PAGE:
In the Miley Cyrus flap, where’s critique of Leibovitz?

Just a quick question: Among those who agree that the Miley Cyrus bareback-in-a-sheet photos are inappropriate, where is the passionate critique of famed photographer Annie Leibovitz?

The magazine, Vanity Fair, seems to be getting a pass because people expect media magazines such as VF to display shocking images. Do I think this is right? No, and Vanity Fair deserves to be criticized, as well. However, I think they would be pleased with this, as it would inevitably generate an increase in readers.

But where is the widespread criticism of Annie Leibovitz? The St. Louis Post-Dispatch has published (yet another) article on the issue today (“Another Kid Star Throws a Curve” 5/4/2008), and I searched for criticism for Leibovitz in the article but found none.

Now, there was criticism for young Miley’s decision: “Dr. Shannon Fox, a psychologist who studies the sexualization of young girls in media, was unequivocally critical of Cyrus’ decision to pose in such a manner.”

And Dr. Fox is right to be critical of such a decision. That’s one way children and teens learn right decision making — having their decisions evaluated by adults. Another way they learn is by experiencing the fruits of those decisions. Miss Cyrus may now be asking herself, as the Apostle Paul prompts the rest of us to ask ourselves: “What fruit did you have then in the things of which you are now ashamed?” (Romans 6:21)

Proverbs (22:15a) tells us that “foolishness is bound up in the heart of a child,” but that’s one reason it is called childhood. That’s one reason (among many) why children don’t (and shouldn’t) vote or have legal authority for themselves in all situations. That’s why they need responsible adults in their lives.

I have heard some criticism of Miley’s parents, grandmother, and teacher, which is appropriate. Most accounts say Mom and Dad were not there, and that’s their “out.” As for grandmother and teacher — well, perhaps they felt an awkward discomfort during the shoot but went along with the “spirit of the moment.” I don’t know, but I would like to assume the best (and I would definitely want others to give me the same benefit of a doubt).

But where is the outrage concerning Ms. Leibovitz’s choice for doing the shot in the first place? People.com has reported that the renown photographer thinks the image is “simple” and “beautiful,” but does this absolve her of her ethical lapse? Are “simple” and “beautiful” sufficient justifiers for any photograph or image we wish to publish? I shudder when thinking of the sheer size of the flood gates that would be opened if that were so — and all the more when I think of what would come through those gates.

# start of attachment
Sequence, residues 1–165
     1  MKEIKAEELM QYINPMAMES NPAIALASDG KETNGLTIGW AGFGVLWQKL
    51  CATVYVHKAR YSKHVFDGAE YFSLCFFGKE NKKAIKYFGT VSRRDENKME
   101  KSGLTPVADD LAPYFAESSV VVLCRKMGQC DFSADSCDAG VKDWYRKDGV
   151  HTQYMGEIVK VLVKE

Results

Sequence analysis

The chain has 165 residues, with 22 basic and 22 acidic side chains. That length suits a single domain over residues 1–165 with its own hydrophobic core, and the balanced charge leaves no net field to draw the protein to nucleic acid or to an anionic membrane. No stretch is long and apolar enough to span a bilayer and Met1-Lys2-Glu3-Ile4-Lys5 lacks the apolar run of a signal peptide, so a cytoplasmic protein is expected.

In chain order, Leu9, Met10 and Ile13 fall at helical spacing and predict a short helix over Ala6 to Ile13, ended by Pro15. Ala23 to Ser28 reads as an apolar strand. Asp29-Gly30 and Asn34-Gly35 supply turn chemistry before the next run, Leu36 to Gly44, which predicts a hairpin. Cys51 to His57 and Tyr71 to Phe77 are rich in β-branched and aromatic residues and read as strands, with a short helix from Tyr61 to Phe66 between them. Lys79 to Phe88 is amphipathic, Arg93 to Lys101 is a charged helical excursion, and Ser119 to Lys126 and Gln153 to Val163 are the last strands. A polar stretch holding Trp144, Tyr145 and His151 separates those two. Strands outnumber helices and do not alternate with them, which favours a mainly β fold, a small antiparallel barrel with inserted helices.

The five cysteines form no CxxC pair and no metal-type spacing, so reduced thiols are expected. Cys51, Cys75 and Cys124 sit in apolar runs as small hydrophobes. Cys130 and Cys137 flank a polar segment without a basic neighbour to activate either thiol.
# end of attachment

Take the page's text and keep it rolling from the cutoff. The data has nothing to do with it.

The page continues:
Not that Ms. Leibovitz has not apologized. She has. Sort of. In the same People article, the photographer is quoted as saying: “I’m sorry that my portrait of Miley has been misinterpreted.”

But of course, that’s not really an apology. It’s an insult. “I regret that people are so unenlightened and are so distracted by their hangups.” This may not be Ms. Leibovitz’s thinking — again, I would like to give the benefit of a doubt — but it’s how it comes across.

Let me suggest a different apology for the celebrated picture taker: “Miley Cyrus is a beautiful girl on her way to becoming a beautiful young woman. In my efforts to showcase that beauty in an artistic manner, I crossed a line without thinking. Our society has succeeded in paradoxically trivializing sexuality while simultaneously glorifying it, and consequently borders that were once obvious are now effortlessly crossed as our moral and ethical confusion deepens. I apologize for contributing to this confusion, and for taking an inappropriate picture of Miss Cyrus.  There are more important measures of what is right and wrong than what a photographer or her subject thinks is beautiful or artistic.”

(I’m not going to hold my breath until I hear such an apology, but I suppose you never know!)

Miley Cyrus made an unwise decision.  Fifteen-year-olds make unwise decisions every day, though most of them are not as public as Miss Cyrus, nor are they surrounded by as many adults and professionals who should have known better and yet who participated in the decision.  The adults in a teen’s life, and even in the teen’s larger environment, should be reliable sources for providing that teen with the wisdom that he or she naturally lacks.  To be sure, nobody’s perfect (Romans 3:23), and there are numerous times that I fail in that duty towards my own children — more often than I am comfortable with.  In this particular case concerning Miss Cyrus, it certainly does seem like the adults failed in their responsibilities.  Without a doubt, Ms. Annie Leibovitz is among those adults.